Lights out? Lowering Urban Lighting Levels and Increasing Atmosphere at a Danish Tram Station.

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Abstract

This study explores how lighting levels influence people’s experience of space and social interactions in waiting areas for public transportation after dark. Existing insights regarding the effects of lighting levels are often limited to their compliance with technical and regulatory requirements, and seldom address how they feel. In an architectural experiment, we compare and contrast people’s perceptions of their immediate surroundings in existing lighting and with dimmed lighting through comparative go-along interviews at a Danish inner-city tram station, using multimodal visual and sensory ethnographic methods. Drawing on anthropological and architectural theory and methods, we reveal findings that indicate that lower lighting levels can sharpen our senses and create a more relaxed experience and atmosphere, dwelling on the paradox of darkness being linked to both beauty and fear in the multisensory experience of nocturnal urban changes. The lower lighting levels, we show, enriches perceptions of - and connection with - the surroundings and increase (perceived) safety.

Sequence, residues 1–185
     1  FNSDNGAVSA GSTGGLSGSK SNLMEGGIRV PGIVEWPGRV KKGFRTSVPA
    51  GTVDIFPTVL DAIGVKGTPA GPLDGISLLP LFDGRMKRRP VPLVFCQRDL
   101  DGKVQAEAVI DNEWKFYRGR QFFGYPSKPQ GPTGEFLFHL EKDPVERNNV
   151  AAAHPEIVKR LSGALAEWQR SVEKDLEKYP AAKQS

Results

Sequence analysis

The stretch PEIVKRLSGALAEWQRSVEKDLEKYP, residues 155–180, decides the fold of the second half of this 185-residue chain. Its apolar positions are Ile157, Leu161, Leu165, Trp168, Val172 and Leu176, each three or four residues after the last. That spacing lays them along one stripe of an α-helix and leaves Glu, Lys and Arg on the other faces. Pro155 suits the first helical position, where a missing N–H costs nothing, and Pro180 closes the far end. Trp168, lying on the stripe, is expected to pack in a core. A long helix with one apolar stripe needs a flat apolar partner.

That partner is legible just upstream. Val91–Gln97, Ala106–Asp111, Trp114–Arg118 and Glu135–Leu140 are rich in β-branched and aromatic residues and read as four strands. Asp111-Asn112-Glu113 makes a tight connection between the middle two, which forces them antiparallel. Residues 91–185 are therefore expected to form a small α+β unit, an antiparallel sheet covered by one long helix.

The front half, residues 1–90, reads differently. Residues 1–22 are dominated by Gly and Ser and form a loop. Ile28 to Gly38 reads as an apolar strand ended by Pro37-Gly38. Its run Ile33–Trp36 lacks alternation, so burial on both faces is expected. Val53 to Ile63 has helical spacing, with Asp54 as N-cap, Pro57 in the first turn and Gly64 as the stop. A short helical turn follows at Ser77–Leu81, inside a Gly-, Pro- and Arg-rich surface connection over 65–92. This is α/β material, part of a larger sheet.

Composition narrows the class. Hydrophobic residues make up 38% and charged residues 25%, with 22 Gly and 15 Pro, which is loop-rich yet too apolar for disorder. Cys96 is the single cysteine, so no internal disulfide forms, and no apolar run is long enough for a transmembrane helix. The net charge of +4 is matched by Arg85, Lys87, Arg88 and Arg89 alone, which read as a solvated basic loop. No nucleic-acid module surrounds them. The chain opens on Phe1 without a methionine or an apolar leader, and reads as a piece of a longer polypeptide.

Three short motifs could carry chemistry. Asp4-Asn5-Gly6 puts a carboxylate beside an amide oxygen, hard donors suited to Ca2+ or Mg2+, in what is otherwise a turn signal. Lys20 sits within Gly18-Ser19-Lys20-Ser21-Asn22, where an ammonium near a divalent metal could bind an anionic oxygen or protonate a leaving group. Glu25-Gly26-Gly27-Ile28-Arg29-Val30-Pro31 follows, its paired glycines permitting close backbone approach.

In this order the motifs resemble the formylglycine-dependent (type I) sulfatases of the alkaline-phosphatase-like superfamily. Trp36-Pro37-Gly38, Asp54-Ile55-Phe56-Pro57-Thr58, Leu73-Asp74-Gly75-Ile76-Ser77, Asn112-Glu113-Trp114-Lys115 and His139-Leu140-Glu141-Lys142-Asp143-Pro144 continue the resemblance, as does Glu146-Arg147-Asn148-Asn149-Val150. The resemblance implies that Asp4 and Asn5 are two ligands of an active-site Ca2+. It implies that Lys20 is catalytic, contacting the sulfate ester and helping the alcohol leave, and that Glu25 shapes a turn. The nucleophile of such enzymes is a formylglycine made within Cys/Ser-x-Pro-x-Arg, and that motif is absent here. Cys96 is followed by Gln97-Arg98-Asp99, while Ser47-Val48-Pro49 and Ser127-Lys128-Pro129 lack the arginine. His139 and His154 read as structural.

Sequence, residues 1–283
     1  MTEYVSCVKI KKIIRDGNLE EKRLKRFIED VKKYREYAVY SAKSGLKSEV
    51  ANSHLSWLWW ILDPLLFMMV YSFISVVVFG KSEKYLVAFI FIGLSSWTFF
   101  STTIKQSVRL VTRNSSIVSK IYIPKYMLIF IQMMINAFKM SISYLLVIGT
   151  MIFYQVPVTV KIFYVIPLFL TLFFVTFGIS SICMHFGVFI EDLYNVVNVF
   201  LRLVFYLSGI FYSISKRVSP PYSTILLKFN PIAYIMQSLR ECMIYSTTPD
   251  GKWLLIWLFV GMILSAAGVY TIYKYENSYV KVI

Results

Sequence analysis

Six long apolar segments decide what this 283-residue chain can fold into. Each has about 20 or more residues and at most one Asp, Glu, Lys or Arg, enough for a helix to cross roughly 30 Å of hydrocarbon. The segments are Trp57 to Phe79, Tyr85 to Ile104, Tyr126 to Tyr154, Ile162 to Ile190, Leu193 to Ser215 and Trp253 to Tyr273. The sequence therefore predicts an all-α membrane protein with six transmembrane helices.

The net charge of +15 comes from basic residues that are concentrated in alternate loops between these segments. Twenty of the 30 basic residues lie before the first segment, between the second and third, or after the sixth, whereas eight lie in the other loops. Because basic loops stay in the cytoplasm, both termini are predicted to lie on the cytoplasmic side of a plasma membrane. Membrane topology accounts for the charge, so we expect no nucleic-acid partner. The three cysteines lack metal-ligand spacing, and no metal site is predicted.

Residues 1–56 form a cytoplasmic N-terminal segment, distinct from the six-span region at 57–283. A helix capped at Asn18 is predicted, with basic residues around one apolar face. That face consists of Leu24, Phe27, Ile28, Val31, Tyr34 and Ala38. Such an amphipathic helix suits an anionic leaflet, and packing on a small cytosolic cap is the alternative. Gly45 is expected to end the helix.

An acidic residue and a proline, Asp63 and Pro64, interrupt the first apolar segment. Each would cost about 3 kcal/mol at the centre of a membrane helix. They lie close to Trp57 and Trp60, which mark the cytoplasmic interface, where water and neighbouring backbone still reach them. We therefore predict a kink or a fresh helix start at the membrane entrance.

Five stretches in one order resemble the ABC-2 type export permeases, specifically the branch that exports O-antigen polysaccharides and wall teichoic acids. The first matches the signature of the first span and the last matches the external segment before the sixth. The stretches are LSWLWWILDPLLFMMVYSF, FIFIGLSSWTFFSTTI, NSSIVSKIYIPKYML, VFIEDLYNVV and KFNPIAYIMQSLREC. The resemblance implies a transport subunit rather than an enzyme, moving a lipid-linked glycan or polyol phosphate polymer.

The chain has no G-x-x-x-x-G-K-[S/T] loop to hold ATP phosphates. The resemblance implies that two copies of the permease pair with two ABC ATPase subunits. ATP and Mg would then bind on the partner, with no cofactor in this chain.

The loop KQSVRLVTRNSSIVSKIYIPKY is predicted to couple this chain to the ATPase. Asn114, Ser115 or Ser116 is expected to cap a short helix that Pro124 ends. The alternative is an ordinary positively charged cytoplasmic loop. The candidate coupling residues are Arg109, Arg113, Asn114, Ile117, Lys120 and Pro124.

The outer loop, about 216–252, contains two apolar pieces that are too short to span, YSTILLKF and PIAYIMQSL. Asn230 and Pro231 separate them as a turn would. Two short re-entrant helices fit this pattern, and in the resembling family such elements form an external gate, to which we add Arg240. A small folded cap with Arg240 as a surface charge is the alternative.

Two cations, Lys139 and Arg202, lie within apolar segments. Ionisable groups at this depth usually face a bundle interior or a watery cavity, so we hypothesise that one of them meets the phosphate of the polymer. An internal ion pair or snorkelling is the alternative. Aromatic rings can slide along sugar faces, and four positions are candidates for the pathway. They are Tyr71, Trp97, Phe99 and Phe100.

Original languageEnglish
Title of host publicationLighting Design in Shared Public Spaces
EditorsShanti Sumartojo
Number of pages22
Place of PublicationNew York
PublisherRoutledge
Publication date12 May 2022
Edition1
Pages152-172
Chapter8
ISBN (Print)9781032022635
ISBN (Electronic)9781003182610
DOIs
Publication statusPublished - 12 May 2022

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